tl;dr - I was asked to change some file transfers to use the SFTP protocol by our IT department. The IT department actively blocks SSH/SFTP connections and gave me no way to fulfill their request.  

    When I started working at my current company, I was assigned the task of changing some of our file transfers from regular FTP to use the secure SFTP. It's an obvious security enhancement since SFTP encrypts the data as well as the usernames and passwords during transfer.
    I thought this would be a simple task, but it turned out to be a continuing nightmare. You see, our IT department had requested the change, but they gave us no way to actually do it. I found that the company firewall blocks the TCP port that SFTP uses. That was my first clue that something wasn't right. I've never worked at a company that blocks outgoing SSH/SFTP.
    I think it makes some sense to block the port because one can tunnel almost any traffic through SSH. Since it's encrypted, the company can't monitor the traffic through the tunnel. But it makes no sense when you consider that the IT department was the one asking us to change to SFTP when they gave us no way to actually use it.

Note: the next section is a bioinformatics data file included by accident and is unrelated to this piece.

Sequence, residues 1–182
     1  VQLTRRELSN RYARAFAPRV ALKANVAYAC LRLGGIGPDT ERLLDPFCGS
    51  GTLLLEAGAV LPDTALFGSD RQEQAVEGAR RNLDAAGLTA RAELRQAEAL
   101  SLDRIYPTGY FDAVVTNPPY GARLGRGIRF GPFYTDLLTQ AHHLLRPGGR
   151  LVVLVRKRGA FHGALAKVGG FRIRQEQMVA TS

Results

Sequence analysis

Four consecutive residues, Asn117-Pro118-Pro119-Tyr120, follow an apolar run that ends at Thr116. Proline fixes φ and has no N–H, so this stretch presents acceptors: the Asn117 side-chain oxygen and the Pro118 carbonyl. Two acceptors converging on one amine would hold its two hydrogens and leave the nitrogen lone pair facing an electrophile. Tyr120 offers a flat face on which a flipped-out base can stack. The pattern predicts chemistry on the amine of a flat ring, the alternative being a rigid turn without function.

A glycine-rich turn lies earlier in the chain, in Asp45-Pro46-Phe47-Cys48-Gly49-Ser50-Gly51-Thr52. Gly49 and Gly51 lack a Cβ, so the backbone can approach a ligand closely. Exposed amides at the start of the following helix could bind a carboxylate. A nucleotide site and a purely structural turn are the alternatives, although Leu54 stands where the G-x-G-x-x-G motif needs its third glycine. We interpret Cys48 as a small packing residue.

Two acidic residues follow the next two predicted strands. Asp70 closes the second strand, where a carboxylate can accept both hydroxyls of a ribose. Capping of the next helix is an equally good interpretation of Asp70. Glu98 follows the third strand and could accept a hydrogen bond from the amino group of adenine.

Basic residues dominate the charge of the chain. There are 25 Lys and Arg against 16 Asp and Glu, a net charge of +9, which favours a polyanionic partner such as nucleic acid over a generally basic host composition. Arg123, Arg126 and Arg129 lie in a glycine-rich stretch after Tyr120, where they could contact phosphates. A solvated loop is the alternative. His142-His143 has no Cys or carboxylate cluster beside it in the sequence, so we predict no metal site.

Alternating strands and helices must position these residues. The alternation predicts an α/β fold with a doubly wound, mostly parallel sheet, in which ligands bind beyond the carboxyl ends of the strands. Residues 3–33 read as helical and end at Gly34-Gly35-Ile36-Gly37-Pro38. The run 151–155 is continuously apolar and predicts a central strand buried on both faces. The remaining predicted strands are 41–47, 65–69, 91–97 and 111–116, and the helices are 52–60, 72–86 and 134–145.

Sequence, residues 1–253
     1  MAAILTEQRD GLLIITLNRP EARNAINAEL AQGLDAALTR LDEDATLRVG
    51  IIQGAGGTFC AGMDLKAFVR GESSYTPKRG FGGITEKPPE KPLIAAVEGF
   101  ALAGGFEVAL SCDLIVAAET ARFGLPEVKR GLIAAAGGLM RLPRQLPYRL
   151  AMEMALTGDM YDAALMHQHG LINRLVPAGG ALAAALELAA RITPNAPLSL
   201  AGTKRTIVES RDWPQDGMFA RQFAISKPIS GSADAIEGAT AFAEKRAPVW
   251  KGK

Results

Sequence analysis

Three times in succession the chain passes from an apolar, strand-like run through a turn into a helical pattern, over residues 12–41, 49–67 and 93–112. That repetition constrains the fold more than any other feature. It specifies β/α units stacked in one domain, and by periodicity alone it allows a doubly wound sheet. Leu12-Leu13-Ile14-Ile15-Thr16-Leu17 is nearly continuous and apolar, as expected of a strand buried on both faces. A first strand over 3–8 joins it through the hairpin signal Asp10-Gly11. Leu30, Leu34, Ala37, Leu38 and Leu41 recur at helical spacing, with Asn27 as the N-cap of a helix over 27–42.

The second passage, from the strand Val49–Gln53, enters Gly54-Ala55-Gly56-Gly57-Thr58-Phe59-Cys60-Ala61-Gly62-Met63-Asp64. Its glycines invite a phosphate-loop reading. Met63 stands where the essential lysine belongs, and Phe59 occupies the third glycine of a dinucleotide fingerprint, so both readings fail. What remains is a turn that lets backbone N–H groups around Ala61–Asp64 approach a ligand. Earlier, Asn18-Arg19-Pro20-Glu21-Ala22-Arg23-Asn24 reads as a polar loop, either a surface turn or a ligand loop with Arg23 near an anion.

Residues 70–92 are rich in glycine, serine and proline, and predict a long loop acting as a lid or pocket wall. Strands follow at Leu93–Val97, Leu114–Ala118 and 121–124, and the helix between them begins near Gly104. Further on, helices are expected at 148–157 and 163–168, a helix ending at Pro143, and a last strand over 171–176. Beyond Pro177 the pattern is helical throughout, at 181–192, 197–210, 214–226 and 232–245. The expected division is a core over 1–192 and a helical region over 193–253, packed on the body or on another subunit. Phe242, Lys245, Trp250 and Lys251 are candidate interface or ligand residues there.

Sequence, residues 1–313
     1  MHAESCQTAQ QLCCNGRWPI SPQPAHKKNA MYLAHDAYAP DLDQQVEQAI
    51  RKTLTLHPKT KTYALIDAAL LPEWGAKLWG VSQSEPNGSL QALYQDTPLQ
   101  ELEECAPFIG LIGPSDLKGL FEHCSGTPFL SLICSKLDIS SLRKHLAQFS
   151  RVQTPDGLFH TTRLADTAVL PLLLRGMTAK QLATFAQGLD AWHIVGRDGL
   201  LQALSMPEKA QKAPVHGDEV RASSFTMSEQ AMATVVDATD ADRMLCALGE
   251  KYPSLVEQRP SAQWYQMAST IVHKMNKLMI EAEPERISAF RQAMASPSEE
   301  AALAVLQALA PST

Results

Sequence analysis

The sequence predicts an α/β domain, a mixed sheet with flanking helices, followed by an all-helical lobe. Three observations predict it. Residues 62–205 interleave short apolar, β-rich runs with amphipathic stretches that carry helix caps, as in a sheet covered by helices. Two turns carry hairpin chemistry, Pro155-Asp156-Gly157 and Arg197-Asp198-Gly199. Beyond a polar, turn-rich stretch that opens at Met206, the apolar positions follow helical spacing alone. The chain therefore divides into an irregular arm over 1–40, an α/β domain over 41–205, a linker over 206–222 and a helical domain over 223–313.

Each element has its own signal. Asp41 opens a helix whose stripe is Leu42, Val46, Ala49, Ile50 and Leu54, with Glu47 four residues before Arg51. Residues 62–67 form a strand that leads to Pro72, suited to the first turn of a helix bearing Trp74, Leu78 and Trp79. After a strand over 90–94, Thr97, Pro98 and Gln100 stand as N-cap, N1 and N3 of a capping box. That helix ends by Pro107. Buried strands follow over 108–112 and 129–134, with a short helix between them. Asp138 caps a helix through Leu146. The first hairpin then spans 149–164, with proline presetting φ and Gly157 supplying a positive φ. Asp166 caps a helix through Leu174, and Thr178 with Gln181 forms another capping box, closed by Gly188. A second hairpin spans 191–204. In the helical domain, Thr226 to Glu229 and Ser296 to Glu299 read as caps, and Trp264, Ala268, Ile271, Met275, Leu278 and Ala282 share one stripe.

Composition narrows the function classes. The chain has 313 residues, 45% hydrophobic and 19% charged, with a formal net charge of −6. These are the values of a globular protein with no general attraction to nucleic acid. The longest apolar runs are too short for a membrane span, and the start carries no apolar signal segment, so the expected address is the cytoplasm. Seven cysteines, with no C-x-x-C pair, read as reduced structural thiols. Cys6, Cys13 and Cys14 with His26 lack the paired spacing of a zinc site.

Moving on, I found that the company provides an "SSH Proxy" to allow you to SSH anywhere. According to the documentation, they also provided temporary storage on the proxy so that you could transfer files using one of the secure SCP or SFTP protocols. After talking with many IT folks, this proxy was the only supported method I found for accomplishing my task. So I decided to give it a go.
   The proxy was implemented horribly. It would periodically delete all of your files, including any keys. It didn't have a lot of temporary storage space, and it didn't let you run any of your own programs.
    This meant that I had to connect to the proxy, upload all of my keys, upload my temporary file, and then issue the commands to connect to my final destination and then upload the file from the proxy to the final destination. Remember, it wouldn't let me run my own programs, so I couldn't copy a script to this proxy to do this.